… or will cameras as we know them be obsoleted ?

Photography in the future will be extended by:

A. Recording much more information about the moment.
B. The possibility to process the image afterwards.

Apple iPhone 4

Smart phone that enables mobile applications and includes a decent camera

Using modern computer technology it has been possible to do fantastic adjustments in digital images after the capture in no time. This option is now moving out in the field because the required computational performance has now arrived in pocket sized gadgets like smartphones. The digital darkroom will soon be available everywhere thanks to new high performance portable devices which include both a powerful computer and a power efficient graphical accelerator. Thanks to the perfect match between devices and the new app-store-business-model, advanced image processing will be available to anyone at a decent price. Browsing any of the larger app-stores, lists tons of easy-to-use photo optimizing applications that can be bought for a few dollars – this is already changing photography.

Another dimension of the smartphone is the fact that the camera is networked for immediate communication with every other device on the globe. Within seconds the image can be moved across the world and published on a number of different forums available to millions of users – more on that in another post.

We are only seeing the beginning of a field called computational photography where computers are deeply involved while doing a simple snapshot. This new processing capability can also be used to enable a new type of photography where the images are computed using sensor data in many different ways compared to the traditional lens and film approach.

Computational photography enables the camera to use multiple exposures, new types of lenses and other ways of capturing more than the image. The final image is then created by algorithms by combining all this new information into something optimizing a selected aspect of the capture situation. Popular examples are high-dynamic-range (HDR) imaging, stitched multi-exposure panoramas, multi spectral images or depth images.

HDR photography combines two or more exposures with different exposure settings, specially designed pixels or specially covered pixels into an image with improved dynamic range. Multi-exposure panorama is created by the user by shooting many overlapping images in an arc-movement which are automatically combined into one larger image replacing a super wide lens. This wide field-of-view panorama can by smart software even be converted into a 3D panorama without the need for a second lens.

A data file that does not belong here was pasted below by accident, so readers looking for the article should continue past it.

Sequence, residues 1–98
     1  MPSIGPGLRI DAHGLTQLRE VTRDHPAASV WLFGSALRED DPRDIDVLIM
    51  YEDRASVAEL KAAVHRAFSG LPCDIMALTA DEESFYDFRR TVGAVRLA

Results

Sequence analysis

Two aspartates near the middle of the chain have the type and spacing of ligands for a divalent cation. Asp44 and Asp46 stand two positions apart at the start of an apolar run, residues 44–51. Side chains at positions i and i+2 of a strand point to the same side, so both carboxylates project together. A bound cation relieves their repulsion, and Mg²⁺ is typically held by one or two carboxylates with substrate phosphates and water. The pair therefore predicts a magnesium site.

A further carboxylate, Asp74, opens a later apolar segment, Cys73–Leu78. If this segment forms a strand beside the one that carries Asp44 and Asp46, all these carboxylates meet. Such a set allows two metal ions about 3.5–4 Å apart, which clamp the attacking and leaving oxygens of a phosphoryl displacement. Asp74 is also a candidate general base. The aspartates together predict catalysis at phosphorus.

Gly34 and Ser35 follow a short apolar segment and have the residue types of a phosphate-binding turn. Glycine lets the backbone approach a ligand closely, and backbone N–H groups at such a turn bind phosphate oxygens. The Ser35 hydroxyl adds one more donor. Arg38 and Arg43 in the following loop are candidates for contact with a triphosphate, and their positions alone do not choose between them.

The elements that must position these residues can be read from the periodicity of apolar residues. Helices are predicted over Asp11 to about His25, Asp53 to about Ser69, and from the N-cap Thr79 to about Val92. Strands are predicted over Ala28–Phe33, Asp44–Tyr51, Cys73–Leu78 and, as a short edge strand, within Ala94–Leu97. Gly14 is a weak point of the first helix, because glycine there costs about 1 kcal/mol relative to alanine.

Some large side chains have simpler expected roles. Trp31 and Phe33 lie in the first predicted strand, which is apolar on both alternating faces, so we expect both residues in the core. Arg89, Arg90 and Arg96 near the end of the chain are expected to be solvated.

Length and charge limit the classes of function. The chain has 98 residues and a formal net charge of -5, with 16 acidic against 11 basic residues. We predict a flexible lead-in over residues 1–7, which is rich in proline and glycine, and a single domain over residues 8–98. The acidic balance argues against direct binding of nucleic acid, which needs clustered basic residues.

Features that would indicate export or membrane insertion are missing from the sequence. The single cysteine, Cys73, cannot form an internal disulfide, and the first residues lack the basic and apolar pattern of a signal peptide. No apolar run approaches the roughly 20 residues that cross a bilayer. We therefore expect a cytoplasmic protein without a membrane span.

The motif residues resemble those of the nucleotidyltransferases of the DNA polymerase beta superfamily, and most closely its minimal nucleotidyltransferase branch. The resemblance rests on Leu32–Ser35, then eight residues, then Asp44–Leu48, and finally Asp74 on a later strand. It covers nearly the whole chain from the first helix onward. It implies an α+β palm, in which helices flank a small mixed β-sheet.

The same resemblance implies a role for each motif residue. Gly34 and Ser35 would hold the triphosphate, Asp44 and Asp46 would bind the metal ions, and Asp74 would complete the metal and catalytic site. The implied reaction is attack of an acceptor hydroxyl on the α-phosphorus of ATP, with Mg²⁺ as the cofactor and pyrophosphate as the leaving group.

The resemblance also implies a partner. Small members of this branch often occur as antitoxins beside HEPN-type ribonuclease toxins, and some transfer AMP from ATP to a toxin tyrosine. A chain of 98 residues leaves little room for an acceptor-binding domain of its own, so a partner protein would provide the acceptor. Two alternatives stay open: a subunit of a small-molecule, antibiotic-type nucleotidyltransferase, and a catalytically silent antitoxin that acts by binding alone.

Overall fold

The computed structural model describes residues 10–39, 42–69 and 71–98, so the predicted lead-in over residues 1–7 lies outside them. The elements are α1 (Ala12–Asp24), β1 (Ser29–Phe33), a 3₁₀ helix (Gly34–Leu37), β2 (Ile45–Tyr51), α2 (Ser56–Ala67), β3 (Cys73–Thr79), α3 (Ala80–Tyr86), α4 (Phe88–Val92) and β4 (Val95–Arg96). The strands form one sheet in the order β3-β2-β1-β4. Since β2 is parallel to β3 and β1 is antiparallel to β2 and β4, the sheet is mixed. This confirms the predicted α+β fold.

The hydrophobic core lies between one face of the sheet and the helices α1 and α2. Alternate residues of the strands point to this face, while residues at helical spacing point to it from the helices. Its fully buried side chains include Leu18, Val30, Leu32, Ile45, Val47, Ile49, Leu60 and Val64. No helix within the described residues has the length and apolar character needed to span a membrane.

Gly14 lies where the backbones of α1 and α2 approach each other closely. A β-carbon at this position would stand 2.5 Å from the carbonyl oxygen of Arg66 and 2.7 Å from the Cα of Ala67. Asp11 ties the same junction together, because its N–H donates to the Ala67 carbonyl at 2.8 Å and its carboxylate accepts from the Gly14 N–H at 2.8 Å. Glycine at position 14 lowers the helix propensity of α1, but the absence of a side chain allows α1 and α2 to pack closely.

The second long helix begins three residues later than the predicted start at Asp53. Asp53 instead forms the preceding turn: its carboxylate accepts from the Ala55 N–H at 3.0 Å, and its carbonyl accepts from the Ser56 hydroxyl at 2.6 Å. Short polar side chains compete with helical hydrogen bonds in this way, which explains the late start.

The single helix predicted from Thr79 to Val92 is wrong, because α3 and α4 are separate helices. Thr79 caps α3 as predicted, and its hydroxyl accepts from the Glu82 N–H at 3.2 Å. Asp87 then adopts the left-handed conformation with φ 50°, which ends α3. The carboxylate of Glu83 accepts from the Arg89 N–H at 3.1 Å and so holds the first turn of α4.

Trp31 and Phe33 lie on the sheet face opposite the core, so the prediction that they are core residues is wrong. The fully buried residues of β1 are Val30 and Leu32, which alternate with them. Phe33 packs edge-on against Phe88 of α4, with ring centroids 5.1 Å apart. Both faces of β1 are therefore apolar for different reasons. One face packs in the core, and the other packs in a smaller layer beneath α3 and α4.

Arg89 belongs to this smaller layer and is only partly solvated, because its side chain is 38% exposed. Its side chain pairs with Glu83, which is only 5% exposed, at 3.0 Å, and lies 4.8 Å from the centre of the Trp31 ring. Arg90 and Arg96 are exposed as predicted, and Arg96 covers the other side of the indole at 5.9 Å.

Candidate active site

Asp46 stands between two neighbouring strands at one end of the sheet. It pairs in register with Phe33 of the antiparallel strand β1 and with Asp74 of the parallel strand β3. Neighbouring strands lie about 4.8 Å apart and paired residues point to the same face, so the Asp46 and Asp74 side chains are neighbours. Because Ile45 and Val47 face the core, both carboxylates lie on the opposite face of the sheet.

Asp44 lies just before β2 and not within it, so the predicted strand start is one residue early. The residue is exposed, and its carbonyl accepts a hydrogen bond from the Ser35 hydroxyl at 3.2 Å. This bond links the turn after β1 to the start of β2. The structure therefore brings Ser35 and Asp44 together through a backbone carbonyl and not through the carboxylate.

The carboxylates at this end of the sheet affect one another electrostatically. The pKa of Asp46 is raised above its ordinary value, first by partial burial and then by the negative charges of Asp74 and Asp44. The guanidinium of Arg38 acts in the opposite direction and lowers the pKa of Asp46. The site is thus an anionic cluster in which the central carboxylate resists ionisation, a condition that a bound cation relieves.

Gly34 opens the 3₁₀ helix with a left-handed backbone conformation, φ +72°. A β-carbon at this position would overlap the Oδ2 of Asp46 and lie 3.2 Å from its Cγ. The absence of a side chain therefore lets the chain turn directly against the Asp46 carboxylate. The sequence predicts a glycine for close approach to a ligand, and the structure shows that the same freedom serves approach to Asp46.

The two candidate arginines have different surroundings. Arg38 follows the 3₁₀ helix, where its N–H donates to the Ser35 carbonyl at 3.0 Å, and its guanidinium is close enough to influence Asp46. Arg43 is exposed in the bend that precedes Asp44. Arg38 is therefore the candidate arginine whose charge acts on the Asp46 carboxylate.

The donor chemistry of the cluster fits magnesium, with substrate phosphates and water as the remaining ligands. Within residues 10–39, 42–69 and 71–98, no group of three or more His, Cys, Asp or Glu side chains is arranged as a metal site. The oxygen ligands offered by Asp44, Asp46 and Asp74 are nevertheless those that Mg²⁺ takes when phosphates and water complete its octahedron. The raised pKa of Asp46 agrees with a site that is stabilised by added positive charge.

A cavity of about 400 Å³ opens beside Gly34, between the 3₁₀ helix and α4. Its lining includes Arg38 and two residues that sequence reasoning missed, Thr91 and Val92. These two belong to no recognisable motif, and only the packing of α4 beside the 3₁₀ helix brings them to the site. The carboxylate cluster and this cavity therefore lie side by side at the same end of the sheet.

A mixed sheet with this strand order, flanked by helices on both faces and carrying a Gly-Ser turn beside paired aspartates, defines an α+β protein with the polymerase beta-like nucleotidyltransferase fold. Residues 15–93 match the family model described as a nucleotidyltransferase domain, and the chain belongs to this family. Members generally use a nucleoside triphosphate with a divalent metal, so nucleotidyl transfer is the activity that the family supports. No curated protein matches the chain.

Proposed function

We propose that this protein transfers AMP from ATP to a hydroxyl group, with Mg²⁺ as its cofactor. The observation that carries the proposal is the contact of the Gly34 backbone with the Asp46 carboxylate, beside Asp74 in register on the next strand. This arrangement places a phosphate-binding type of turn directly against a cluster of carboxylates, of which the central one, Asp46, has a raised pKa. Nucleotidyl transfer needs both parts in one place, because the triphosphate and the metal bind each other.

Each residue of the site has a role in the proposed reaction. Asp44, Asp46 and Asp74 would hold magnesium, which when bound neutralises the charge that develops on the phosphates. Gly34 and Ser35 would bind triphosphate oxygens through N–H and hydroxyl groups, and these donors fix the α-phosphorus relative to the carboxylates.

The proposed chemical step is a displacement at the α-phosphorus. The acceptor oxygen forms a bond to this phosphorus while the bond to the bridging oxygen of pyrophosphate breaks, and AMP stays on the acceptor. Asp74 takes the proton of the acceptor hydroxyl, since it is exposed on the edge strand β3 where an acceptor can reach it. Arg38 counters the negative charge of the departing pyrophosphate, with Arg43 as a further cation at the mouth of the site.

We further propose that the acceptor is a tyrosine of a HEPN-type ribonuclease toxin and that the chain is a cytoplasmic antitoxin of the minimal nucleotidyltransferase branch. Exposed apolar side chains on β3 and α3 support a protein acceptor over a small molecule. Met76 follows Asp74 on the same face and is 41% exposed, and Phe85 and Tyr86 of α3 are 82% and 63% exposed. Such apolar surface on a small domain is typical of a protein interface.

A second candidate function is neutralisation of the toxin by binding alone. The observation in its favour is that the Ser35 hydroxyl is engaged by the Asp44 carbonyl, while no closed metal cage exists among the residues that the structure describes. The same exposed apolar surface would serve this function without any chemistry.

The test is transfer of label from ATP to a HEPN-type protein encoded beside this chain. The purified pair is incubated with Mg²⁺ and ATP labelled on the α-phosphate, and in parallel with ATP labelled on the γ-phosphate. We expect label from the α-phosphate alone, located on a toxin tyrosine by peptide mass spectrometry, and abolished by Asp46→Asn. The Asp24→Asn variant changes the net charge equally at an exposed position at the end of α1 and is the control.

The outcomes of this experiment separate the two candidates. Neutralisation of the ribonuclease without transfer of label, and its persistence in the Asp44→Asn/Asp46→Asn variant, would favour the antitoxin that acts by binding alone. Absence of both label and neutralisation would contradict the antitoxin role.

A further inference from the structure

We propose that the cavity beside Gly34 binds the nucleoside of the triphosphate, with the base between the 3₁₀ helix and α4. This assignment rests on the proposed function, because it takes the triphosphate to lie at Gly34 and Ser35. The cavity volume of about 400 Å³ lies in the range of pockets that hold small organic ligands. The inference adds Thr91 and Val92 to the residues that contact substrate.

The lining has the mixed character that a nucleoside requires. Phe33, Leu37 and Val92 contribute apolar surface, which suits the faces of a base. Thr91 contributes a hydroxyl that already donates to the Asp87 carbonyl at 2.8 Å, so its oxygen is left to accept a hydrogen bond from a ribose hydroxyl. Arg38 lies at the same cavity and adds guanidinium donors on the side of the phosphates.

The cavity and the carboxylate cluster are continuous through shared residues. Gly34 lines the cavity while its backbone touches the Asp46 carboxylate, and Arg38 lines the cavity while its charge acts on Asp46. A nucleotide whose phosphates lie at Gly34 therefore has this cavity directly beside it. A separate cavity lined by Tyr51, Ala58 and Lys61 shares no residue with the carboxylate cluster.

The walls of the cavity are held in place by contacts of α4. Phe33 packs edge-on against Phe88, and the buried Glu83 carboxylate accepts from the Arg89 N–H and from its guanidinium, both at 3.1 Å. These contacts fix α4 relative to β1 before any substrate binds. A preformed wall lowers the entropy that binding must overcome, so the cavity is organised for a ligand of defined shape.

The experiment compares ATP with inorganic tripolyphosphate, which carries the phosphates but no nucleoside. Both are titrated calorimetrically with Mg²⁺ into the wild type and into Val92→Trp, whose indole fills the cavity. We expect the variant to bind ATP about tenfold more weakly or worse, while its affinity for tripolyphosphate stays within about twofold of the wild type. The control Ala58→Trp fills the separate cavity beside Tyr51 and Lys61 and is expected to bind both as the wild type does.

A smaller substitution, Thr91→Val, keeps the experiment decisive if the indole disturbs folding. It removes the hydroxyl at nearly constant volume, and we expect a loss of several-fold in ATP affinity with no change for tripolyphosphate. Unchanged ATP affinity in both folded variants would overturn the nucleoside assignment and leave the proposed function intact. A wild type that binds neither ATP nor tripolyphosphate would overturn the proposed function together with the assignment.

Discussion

The trend has now changed from adding more and more pixels into adding more and more computing power per pixel. This new trend has one large benefit, it does not increase the requirement of expensive parts in the camera like the lens.

On the drawing board of future cameras, there are many other options that can benefit from the added computing capabilities of a modern camera system. Noise optimization by merging multiple noisy exposures. Sharpness optimization by using super resolution when merging multiple images of the same subject. Anti shake solution using recorded shake information which can be used to deblurr the image.

The most different of the new methods is light-field photography where the camera has been modified to capture every aspect of the scene at once. Such a camera does not need to be focused at shooting time, the image is focused later by software. The camera uses more pixels to record not only the amount of light each pixel receives but also the direction of light in each pixel. This is then used by an algorithm to calculate a narrow-focus-image with your selected focus depth or an image that has every single pixel in focus.

This new technology may enable a different work flow – capture the complete light field as it enters the camera – change focus, recompose and much more, later at your desktop back in the office.

The question: Is this very different work flow actually improving the results or does it just consume more of your time because the important decisions are not fixed at shutter time when they are obvious, at least for a skilled photographer?

The delay and storage of everything might give you more options at the end but the question is if it is worth it? For point and shot use the question might give the opposite answer since that is performed by someone optimizing for small convenient equipment with less requirements on final quality and without the need to know much besides how to release the shutter.

This completely new snapshot approach is now commercialized by a company called Lytro (www.lytro.com). They are in the process of releasing a consumer product late this year that captures the light field: all the light rays entering the camera from a scene. Afterwards when the light field has been captured, Lytro software will be able to generate multiple 2D perspective images with user selected parameters.

The biggest drawback with Lytros approach is that the camera has to trade resolution and possibly light sensitivity against more knowledge about light directions, so do not expect high resolution images using this approach.

For some use cases the light field camera might be disruptive – think about shooting a movie without the need to focus! Another (probably far away) feature for light-field-content is viewing time focus control – an upcoming display technology may focus where you look!

By recording the depth of the scene is will be possible to alter the lighting of the scene without the need for a retake. A complete 3D scan of the scene might even enable the possibility to add/remove or deform objects during post-processing without the time consuming edit of shadows or hidden areas that is needed without the 3D knowledge.

Samsung Galaxy Camera has smartphone capabilities and is ready for your apps.